So glad that David Sasaki had stirred the pot a bit with his recent post about the South African blogging community not being nearly diverse enough.
I know that it’s frustrating when you feel that you’re only trying to help, but I’ll put this out there: how much are we as a blogging community really trying to do to heal the divides and build a bit of diversity into the South African blogging community? Diversity, as we’ve learned all too well in South Africa, is not just the right thing to do to build a stronger nation, it’s the right thing to do because it improves the quality and uniqueness of the industry. And in a world where quality and uniqueness are so important to stand out from the global crowd, this is the *most* important thing that we as a blogger community can do to uplift a frankly tired and staid local industry into something that we can be proud of.
Again the question: what have we done?
Have we actively sought to invite a diverse range of people to blogging events like the 27 dinner?
Have we done anything to bring new bloggers into the field with any training or mentorship?
Have we sought out the opinions of bloggers from people outside our own circle?
Have we commented on and supported the posts of new bloggers?
I say this because I accept some of the blame myself. This is a community. A community where we take collective responsibility for moving the industry forward because it’s important for all of us. Bloggers tend to be huge individualists, and I think that’s why we’ve focused on being better bloggers, getting better contacts, extending our own individual networks. But I think the time is ripe now to give some time and energy to the collective.
Let’s try to be less defensive and more reflective. You might think that David was being overly harsh. But the really average thing to do here would be to keep things as they (averagely) are.
Let’s make some communal new year’s resolutions to try. Because, frankly, I don’t think we’re trying hard enough… in fact, we’re not trying at all.
5 thoughts on “We’re not trying hard enough… in fact, we’re not trying at all”
truly an issue, if one wanted diverse reading online in SA we would need translation services but blogging seems to ignore the fact that blogs are not central to the lives of Africans. Further north there are two blogs which are really interesting not in their blaque-ness but rather in their translating of ingenuity of the Dark Continent into Digital meaning. The flatter the world gets the less force traditional trend setters will have.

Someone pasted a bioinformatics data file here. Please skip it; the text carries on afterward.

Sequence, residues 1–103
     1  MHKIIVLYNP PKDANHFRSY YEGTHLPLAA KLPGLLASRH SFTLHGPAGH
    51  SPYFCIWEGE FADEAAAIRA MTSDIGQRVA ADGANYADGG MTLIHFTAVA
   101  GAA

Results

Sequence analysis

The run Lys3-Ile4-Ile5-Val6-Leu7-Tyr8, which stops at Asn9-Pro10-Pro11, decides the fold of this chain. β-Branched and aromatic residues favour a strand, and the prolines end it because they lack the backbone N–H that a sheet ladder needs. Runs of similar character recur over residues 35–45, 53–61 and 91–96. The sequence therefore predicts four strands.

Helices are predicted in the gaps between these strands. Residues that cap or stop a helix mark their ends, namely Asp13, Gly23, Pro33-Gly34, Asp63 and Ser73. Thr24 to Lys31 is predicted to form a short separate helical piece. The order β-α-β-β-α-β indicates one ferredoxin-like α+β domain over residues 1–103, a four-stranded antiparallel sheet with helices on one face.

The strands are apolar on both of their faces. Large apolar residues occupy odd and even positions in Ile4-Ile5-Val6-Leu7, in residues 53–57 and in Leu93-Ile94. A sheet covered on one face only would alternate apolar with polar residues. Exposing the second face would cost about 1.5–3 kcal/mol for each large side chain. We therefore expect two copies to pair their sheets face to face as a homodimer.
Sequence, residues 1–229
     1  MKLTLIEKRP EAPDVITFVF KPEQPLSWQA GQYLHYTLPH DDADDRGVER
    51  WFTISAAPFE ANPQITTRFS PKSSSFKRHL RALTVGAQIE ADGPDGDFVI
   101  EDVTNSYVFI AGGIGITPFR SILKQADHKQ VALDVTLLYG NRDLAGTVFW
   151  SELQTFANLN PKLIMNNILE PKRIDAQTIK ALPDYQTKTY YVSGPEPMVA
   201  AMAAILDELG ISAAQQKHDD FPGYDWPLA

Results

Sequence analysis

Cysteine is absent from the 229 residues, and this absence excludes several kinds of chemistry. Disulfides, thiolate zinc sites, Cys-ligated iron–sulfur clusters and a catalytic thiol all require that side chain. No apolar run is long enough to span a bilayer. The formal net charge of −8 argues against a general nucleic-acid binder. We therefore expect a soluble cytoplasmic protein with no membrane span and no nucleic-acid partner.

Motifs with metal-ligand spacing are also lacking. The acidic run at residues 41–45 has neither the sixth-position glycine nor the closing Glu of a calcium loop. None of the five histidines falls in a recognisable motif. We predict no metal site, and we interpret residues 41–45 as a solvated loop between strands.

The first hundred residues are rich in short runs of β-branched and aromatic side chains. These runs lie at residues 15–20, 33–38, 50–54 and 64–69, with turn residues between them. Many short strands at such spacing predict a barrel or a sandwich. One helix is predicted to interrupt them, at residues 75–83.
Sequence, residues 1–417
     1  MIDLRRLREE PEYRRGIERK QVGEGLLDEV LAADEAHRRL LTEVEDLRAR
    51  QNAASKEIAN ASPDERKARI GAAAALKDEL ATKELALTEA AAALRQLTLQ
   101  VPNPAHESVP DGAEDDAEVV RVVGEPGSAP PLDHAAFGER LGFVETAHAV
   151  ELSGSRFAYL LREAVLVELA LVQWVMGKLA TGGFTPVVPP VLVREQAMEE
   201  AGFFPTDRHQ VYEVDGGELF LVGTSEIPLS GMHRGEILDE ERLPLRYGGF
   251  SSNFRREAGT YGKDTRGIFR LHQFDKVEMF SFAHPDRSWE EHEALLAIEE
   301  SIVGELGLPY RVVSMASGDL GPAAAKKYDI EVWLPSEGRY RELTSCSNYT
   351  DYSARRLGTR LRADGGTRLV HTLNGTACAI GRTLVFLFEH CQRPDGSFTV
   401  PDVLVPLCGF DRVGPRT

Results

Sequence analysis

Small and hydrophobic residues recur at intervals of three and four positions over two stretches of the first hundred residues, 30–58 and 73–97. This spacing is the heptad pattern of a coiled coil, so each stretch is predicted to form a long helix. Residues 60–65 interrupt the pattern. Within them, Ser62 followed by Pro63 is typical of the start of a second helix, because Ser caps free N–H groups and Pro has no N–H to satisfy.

Thanks for the comment, Andrew. Certainly, blogs are not central to the lives of everyone in Africa – what I’d like to see is more connections between bloggers from different social circles rather than attempting to force people from a certain group to blog 🙂
I think I’m finally getting it. Black people have the opportunity [finally!] to become content producers. We can finally rewrite the negative stereotypes that exist. We can write our own stories. And we’re not doing it.
I do, however, think that the points you and David made do not take into account black people’s apathy. It exists. Not sure why but it does. Perhaps we should ask why black people are not blogging instead. And perhaps we should ask why black people are not attending these events. We should also ask why they use closed blogging platforms such as Bruin-ou.com instead of WP and Blogger.
Heather, I don’t think people from different social circles *will* interact. Or want to interact. Your thoughts on this?
Thanks so much for pointing me to Bruin-ou.com, Joy-Mari! It’s funny that you mention it because when I started blogging in 2005, I found it interesting that South Africans were still using the then (very, very bad) ‘Blogspot’ from M&G Online when there were such great tools like WP and Blogger available to all. Same thing with video and photo-sharing sites. The point I’m trying to make here is that people love local community, and that is never a bad thing. What is less positive is when you never find people from those communities interacting in any meaningful way – when you find communities who isolate themselves totally from one another. That is when you find the roots of cultural intolerance as we’ve seen in so many places. It’s not about forcing people to blog, or forcing people to interact. I guarantee you that there are always people – from whatever community – who are interested in meeting new kinds of people. The majority of the population is often apathetic. But that’s not necessarily an indictment on people. Look at what Obama did to an absolutely apathetic youth in the USA. It’s clear that people just needed some leadership – they needed a platform where their views could be heard and understood.
I guess, in the end, we’ll just have to experiment with this in the new year. It’s difficult conducting this conversation in the ‘what if’ and talking about what ‘people are like’ when what we really need to do is to just experiment and give it a go.